Quiet, Pesky Shareholders!

Republicans aren’t just trying to gut Dodd-Frank. They’re also trying to make corporations less accountable to their small investors.

Dodd Frank
House Financial Services Committee Chairman Jeb Hensarling, left, speaks to the media while flanked by House Speaker Paul Ryan on Capitol Hill on Wednesday in Washington.

Mark Wilson/Getty Images

Just one day before President Trump announced to the world his intention to withdraw the United States from the Paris climate agreement, a stunning revolt occurred at Exxon Mobil’s annual shareholder meeting. A large majority of shareholder votes—62.3 percent—were cast in favor of a proposal asking the oil and gas behemoth to produce a yearly evaluation of the long-term business impacts posed by global initiatives designed to reduce climate change.

An investor group, led by the New York State Common Retirement Fund and supported by asset management giant BlackRock, submitted the proposal. It came at an especially delicate time for Exxon: New York state’s attorney general is currently investigating whether the company “has been making false and misleading statements” to investors “about specific safeguards it purports to have put in place to protect the company from risks posed by future climate change-related regulations.” The attorney general of Massachusetts is conducting a similar investigation.

Exxon, which recommended that its shareholders vote against the proposal, is not the only firm to face the climate change–related concerns of investors. About three weeks before the Exxon vote, shareholders of Occidental Petroleum also defied the board’s wishes, passing a similar proposal with 67 percent support. Both companies appeared to recognize the significance of the votes, with Exxon’s CEO acknowledging the need “to step back and reflect on the vote and the messages that we’re getting” and Occidental’s board chairman forecasting ongoing “shareholder engagement on the topic and … additional disclosure about the company’s assessment and management of climate-related risks.” On the crucial subject of climate change, shareholder voice is resonating.

And yet the very ability of shareholders to launch such initiatives is now in peril. Last Thursday the House of Representatives, by a vote of 233–186, passed the Financial CHOICE Act, a wide-ranging bill aimed at lifting many of the financial regulations enacted in the 2010 Dodd-Frank Act. Much of the public discussion on the Financial CHOICE Act has focused on the proposed overhaul of the financial regulatory framework, but another vital part of the act has largely slid under the radar. The House bill would silence the voices of small shareholders of American companies.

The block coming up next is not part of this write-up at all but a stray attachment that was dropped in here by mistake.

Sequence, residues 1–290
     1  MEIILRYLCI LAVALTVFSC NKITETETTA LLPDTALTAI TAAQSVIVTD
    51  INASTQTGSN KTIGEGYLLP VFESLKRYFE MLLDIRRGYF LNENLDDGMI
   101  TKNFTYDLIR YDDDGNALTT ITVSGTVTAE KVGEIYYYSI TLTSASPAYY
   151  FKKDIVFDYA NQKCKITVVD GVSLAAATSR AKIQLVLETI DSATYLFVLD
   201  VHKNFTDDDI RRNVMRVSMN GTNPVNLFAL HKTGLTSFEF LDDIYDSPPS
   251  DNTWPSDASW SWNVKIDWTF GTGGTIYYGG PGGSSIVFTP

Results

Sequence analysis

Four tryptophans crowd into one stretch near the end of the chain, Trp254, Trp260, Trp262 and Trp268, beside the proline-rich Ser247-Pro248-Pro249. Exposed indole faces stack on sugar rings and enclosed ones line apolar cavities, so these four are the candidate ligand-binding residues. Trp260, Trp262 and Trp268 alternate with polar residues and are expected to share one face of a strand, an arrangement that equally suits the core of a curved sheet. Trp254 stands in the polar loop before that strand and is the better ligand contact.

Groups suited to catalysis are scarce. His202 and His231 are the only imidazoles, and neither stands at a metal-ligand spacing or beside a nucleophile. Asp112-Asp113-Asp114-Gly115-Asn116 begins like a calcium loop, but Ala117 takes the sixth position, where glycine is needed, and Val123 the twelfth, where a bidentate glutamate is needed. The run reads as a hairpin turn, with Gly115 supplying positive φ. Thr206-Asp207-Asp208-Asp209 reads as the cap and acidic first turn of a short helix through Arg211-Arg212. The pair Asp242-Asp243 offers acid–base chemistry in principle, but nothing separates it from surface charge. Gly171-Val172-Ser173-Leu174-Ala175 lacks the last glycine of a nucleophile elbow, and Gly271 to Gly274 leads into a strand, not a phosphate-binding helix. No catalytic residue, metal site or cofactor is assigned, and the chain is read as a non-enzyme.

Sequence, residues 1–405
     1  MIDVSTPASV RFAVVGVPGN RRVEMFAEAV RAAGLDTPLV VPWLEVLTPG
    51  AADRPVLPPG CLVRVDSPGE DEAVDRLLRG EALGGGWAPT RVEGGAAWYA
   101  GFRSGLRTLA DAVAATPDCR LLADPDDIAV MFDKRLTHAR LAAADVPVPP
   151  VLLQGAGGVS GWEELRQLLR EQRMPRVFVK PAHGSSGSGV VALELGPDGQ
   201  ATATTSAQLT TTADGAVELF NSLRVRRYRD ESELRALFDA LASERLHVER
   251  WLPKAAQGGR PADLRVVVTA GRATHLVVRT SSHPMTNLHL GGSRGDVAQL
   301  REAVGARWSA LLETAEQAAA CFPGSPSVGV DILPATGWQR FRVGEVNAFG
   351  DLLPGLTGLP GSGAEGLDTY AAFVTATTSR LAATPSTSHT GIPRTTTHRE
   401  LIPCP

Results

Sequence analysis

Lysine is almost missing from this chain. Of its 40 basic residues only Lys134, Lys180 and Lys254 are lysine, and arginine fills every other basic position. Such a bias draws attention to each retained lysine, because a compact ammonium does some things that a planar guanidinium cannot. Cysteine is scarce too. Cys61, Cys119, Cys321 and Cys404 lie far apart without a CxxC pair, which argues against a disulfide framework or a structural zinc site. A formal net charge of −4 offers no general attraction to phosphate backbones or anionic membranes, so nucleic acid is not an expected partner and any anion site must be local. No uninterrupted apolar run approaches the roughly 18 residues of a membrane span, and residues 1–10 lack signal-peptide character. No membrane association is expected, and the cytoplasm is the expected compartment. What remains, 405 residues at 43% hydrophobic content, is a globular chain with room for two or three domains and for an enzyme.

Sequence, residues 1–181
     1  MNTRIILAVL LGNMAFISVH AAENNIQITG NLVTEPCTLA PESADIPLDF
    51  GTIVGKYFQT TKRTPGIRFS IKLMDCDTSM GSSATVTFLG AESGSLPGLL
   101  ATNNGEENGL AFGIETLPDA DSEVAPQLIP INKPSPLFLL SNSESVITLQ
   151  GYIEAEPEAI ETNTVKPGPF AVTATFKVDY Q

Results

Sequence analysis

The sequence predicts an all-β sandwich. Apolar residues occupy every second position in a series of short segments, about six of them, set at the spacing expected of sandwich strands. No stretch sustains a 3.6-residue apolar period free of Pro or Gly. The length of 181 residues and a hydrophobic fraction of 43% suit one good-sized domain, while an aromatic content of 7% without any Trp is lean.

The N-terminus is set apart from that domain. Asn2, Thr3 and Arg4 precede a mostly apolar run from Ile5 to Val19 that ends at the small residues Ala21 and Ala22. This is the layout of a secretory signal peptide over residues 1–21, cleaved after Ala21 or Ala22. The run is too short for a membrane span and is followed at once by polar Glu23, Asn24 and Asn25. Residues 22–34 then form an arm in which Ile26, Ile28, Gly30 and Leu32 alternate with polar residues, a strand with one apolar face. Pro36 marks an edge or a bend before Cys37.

Currently, shareholders that have held either $2,000 worth of stock or 1 percent of a company’s voting shares for one year can submit a proposal to a company. These proposals, such as the ones submitted to Exxon and Occidental, allow shareholders to raise issues of concern with management and typically involve a range of environmental, social, and corporate governance issues. The law requires management to include proposals and any supporting statements in the proxy statement sent to all shareholders before an annual meeting, where shareholders then vote.

Under the CHOICE Act, the $2,000 eligibility threshold would be replaced with a requirement that investors own 1 percent of the company’s voting shares for a period of three years—or an even a higher percentage if the Securities and Exchange Commission so decides.

An innocuous change? Quite the opposite. The effect of this revision, if promulgated, would be that only the largest, most powerful shareholders will be able to use the proposal mechanism. Are you an investor who is concerned about potential legal and reputational risks or the moral implications that may be associated with child labor and dangerous working conditions in Apple’s supply chain? Or perhaps your concerns relate to the lack of diversity in Apple’s senior leadership? Your ability to engage the company on these issues could become prohibitively expensive—unless, that is, you’re the rare investor who can meet the new threshold, which would amount to $7.5 billion in stock.